Friday, September 4, 2015

Blog introduction

This blog is dedicated to all parents that have children with special needs; specifically those parents who have a child/children who has recently been diagnosed with special needs.  It has been my personal experience working with parents of recently diagnosed child/children who inspired me to write this blog.  Many parents don’t know where or who to turn to for help when their children are first diagnosed.  When a situation like this arises people often turn to friends in similar situations for help, but what if you don’t have any friends in the same situation?

Do you or a friend of yours have a child with special needs and feel that there has to be help out there but don't know where or how to find it?  Then this maybe the site for you.  Aside from providing parents with general information I want parents to come here to converse, to share experiences, to specifically ask me questions.  I may not know the answer to all of the questions; however I am determined to use all of my resources to find the best solution possible for your individual needs.  The question isn't "does help exist?" its "what help exists and how can I get it?”

I directly help parents and provide them with information a daily basis. The goal of this blog is to provide parents with a simple to understand format and that is the goal of this blog.  This blog is meant to serve as a guide for parents with special needs and designed to help parents effectively navigate "the system" by empowering parents with information.  That is why the blog is entitled the Special Needs Hidden Handbook (snhiddenhandbook).

If you like the sound of the content please continue reading via the categories link in the right column, follow via email, comment on the forum or share with your friends with the social bookmarking buttons below each post by clicking on the buttons.

Friday, October 7, 2011

Community Calendar

Please everyone come check out the community calendar that I've started by clicking here. The link will be on this page and also as a tab at the top of the blog labeled "Calendar". I figured out a way that anyone (with a gmail account) can add to the calendar.  Feel free to follow the link to add events yourself by clicking here  If you do not have a calendar than please email me at and tell me the information about the event (please be as thorough as possible so parents will be able to take advantage of the event like the location and times) and I will be glad to add it to the calendar. I want this to be a community calendar, one that families can look at and know what different activities the community has to offer. There are often many activities available just not many people know about them and that is something I want to fix.  I have posted about a few of the lesser known community activities like the sensory friendly films or Special Olympics.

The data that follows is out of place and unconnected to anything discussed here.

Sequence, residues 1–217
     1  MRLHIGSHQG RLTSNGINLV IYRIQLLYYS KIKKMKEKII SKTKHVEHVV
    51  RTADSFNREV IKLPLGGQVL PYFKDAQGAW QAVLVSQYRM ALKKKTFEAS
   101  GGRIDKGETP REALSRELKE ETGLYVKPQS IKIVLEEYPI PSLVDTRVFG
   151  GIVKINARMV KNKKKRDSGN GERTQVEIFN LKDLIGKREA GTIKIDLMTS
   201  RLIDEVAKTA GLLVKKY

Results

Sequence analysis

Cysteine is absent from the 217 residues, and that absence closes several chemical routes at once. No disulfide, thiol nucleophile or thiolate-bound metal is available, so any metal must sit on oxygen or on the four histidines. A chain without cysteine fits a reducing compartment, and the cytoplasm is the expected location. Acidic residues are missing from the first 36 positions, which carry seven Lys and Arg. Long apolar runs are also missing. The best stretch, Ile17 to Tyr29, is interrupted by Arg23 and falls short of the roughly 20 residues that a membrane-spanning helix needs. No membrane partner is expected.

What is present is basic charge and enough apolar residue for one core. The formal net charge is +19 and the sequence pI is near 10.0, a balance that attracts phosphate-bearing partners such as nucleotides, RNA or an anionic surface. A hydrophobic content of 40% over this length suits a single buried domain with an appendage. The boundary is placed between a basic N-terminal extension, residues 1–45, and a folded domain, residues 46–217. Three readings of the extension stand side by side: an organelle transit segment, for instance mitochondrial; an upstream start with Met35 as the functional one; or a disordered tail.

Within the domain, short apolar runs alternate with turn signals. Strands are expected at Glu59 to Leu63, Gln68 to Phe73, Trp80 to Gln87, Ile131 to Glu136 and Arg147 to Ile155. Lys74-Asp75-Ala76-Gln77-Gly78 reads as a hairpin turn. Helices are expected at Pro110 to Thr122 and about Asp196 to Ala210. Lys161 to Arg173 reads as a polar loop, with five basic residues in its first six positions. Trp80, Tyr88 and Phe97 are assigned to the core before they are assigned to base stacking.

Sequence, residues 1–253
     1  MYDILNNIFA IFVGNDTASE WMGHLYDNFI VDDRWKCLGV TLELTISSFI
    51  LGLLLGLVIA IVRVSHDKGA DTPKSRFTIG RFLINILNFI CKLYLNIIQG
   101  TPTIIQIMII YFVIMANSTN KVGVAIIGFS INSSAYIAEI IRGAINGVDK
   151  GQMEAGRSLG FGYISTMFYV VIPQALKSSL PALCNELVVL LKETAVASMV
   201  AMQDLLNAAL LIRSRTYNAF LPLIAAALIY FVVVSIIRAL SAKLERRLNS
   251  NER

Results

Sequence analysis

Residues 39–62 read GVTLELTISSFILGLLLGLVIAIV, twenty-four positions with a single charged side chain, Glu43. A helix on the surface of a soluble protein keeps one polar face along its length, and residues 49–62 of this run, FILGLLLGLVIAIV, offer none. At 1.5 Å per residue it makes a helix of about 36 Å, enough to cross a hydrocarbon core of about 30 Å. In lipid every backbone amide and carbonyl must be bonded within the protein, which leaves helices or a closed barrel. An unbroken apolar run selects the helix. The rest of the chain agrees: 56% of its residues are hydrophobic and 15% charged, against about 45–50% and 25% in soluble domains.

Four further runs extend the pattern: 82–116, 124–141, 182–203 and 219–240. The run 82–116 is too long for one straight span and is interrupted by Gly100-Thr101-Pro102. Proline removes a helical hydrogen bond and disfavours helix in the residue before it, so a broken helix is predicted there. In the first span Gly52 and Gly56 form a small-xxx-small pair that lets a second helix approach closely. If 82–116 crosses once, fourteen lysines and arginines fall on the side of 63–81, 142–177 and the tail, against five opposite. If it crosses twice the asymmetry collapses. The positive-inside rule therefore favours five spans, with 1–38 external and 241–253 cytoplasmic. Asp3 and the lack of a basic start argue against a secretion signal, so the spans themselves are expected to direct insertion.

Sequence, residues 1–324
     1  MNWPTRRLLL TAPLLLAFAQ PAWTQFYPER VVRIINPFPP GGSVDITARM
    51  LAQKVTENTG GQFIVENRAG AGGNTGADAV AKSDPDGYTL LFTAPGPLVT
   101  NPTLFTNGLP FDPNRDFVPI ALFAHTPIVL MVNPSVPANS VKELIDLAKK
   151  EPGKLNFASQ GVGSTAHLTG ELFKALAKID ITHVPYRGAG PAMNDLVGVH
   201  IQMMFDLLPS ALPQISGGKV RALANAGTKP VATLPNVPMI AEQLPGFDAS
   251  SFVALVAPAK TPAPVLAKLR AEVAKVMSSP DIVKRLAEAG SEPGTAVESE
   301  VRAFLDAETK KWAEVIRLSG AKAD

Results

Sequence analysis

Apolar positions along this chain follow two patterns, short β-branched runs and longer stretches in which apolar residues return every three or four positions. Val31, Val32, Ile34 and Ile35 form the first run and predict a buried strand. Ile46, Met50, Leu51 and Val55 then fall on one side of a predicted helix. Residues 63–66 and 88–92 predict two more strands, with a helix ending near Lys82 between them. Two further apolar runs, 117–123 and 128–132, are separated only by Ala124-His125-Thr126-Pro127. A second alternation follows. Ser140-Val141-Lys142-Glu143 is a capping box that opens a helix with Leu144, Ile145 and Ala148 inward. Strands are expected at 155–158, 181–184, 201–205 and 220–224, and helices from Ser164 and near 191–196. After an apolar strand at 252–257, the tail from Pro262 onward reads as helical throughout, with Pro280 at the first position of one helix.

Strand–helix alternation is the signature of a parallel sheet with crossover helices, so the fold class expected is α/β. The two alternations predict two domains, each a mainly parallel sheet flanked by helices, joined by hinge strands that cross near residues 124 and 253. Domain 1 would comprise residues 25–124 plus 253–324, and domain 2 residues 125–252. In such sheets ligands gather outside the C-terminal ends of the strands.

This calendar is a work in progress and doesn't have many activities up on it, though with time, and everyone's help I am hoping that will change.

Monday, October 3, 2011

I'm not a mechanic.

Recently I moved to a new town and have been meeting a variety of new people.  During the getting to know you pleasantries, someone always asks what I do. The conversation usually sounds something like this:
Stranger: So what do you do?
Me: I am a speech-language pathologist.
Stranger: Blank stare…Wait like a speech teacher?  You fix kid’s lisps and make people who stutter stop stuttering.  I used to have a speech teacher.  I couldn’t say my r’s.  Is that what you do?
Me: A little but I actually work more with kids that have developmental disabilities, like autism or cerebral palsy.
Stranger: (slightly confused) You can fix kids like that?
And this is where the conversation gets hard.  I know what the good natured stranger means.  And yes technically my training as a speech language pathologist has taught me techniques to help teach children skills that will help remediate speech and language difficulties often associated with these and many other developmental disabilities.  Yet, I can’t ever in good conscience answer ‘yes’ to this question.  To say ‘yes’ would imply that children with disabilities are somehow broken.  You can’t fix a person like you fix a car.  A child that learns to communicate verbally is no more or less ‘fixed’ than the child who no longer speaks with a lisp or the individual who has just learned to point.  Speech-language pathologist cannot change who your child is.  We do not increase or decrease their general awesomeness.  All we can do is teach them skills that will hopefully allow them to communicate with those around them in the most effective and efficient way.  We, speech language pathologists, cannot fix what is not broken… but when we do our job right, we just may get to enhance.
-Megan, M.S., CCC-SLP

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